People v Johnson
2008 NY Slip Op 07048 [54 AD3d 1133]
September 25, 2008
Appellate Division, Third Department
Published by New York State Law Reporting Bureau pursuant to Judiciary Law § 431.
As corrected through Wednesday, October 29, 2008

The People of the State of New York, Respondent, v Brian P. Johnson, Appellant.

[*1] Louis N. Altman, Hurley, for appellant.

Holley Carnright, District Attorney, Kingston (Joan Gudesblatt Lamb of counsel), for respondent.

Malone Jr., J. Appeal from a judgment of the County Court of Ulster County (Bruhn, J.), rendered June 4, 2007, convicting defendant upon his plea of guilty of the crime of robbery in the first degree.

After defendant made incriminating statements concerning the robbery of two convenience stores, he was indicted on two counts of robbery in the first degree and one count of robbery in the second degree. Pursuant to a plea agreement, defendant pleaded guilty to one count of robbery in the first degree and was sentenced to a term of eight years in prison. Upon discovering that defendant was a second violent felony offender, it was determined that this sentence was illegal and defendant was allowed to withdraw his plea. Thereafter, pursuant to a new plea agreement, defendant pleaded guilty to one count of robbery in the first degree and was sentenced to a term of 10 years in prison, to be followed by five years of postrelease supervision. Defendant now appeals.

Inasmuch as defendant failed to move to withdraw his plea or vacate the judgment of conviction, his challenge to the voluntariness and factual sufficiency of the plea has not been preserved for our review (see People v Welch, 46 AD3d 1228, 1229 [2007], lv denied 10 NY3d 845 [2008]; People v Pagan, 36 AD3d 1163, 1164 [2007]; People v Phillips, 28 AD3d 939 [2006], lv denied 7 NY3d 761 [2006]). Moreover, contrary to defendant's assertion, the narrow [*2]exception to the preservation requirement is not triggered here as defendant did not make any statements during the second plea allocution that cast doubt upon either his guilt or the voluntariness of his plea, or otherwise tended to negate a material element of the crime (see People v Lopez, 71 NY2d 662, 666 [1988]; People v Hall, 41 AD3d 1090, 1091 [2007], lv denied 9 NY3d 876 [2007]; People v Williams, 25 AD3d 927, 929 [2006], lv denied 6 NY3d 840 [2006]). In any event, contrary to his contention, defendant's affirmative responses to County Court's questions during his second plea allocution established the elements of the crime (see People v Saddlemire, 50 AD3d 1317, 1318 [2008]; People v Alexander, 31 AD3d 885, 886 [2006]).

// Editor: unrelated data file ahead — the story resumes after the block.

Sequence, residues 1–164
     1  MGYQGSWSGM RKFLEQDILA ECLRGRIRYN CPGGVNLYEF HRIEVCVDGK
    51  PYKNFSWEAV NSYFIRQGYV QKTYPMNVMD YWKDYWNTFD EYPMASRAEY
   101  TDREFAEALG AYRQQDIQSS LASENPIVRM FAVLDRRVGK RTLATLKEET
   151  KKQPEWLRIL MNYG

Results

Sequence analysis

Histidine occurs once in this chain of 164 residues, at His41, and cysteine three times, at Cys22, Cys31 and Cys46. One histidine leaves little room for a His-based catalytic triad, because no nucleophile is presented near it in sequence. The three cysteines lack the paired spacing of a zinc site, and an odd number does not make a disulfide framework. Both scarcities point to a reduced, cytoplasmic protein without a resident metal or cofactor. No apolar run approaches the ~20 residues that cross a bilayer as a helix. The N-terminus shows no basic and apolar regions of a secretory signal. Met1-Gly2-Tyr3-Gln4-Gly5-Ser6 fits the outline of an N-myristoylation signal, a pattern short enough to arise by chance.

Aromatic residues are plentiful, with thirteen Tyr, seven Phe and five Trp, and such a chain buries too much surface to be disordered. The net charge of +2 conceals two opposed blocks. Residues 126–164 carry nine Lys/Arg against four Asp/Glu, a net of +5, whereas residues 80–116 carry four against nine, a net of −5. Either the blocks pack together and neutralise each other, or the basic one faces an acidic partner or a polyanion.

Similarly, defendant's claim that he was denied the effective assistance of counsel is also unpreserved for review due to his failure to move to withdraw his plea or vacate the judgment of conviction (see People v Parara, 46 AD3d 936, 937 [2007]; People v Robinson, 42 AD3d 581, 581-582 [2007], lv denied 9 NY3d 1009 [2007]). Were we to consider this claim, we would find it unpersuasive. Although defendant bases his argument on counsel's failure to raise an affirmative defense to the robbery in the first degree charge that he alleges was apparent in his first plea allocution, that plea was withdrawn and, as we have determined, defendant's second plea allocution did not cast doubt upon his guilt. Furthermore, negotiating a plea bargain despite the existence of a potential affirmative defense does not necessarily result in a finding of ineffective assistance of counsel (see People v Anderson, 38 AD3d 1061, 1063 [2007], lv denied 8 NY3d 981 [2007]). As counsel secured an advantageous plea, which included the minimum sentence permitted by law, and further advocated defendant's interests, we cannot say that defendant was deprived of meaningful representation (see People v Lawrence, 34 AD3d 984, 985 [2006]).

Mercure, J.P., Peters, Spain and Stein, JJ., concur. Ordered that the judgment is affirmed.